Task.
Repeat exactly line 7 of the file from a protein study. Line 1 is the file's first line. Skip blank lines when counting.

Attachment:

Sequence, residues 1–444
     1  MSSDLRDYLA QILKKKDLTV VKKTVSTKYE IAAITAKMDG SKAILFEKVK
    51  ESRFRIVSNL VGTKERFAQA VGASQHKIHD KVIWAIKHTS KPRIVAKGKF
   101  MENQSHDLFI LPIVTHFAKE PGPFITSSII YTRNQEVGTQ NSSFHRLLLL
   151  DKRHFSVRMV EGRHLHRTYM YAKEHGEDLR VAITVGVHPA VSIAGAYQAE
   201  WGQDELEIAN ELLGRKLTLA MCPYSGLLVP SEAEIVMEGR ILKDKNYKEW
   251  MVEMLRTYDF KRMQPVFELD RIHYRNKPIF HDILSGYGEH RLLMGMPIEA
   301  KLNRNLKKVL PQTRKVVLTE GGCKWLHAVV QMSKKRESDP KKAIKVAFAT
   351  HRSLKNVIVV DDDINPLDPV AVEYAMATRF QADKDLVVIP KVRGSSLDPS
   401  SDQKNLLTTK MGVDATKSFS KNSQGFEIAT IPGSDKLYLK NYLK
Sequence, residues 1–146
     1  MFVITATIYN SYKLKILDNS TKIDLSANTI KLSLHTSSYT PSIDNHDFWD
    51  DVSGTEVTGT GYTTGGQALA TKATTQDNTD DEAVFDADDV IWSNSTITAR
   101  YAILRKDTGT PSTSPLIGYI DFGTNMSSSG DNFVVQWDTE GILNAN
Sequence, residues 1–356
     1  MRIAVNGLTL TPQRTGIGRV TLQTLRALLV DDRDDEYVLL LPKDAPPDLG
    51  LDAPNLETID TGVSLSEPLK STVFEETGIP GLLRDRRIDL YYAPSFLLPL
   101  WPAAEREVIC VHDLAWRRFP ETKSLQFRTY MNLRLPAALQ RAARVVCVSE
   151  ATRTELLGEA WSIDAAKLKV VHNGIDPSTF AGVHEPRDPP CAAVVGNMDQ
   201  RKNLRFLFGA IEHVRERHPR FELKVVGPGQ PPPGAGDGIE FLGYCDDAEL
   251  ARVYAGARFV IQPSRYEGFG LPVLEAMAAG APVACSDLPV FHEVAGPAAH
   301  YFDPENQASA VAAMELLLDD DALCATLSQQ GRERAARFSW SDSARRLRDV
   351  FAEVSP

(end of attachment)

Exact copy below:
   251  MVEMLRTYDF KRMQPVFELD RIHYRNKPIF HDILSGYGEH RLLMGMPIEA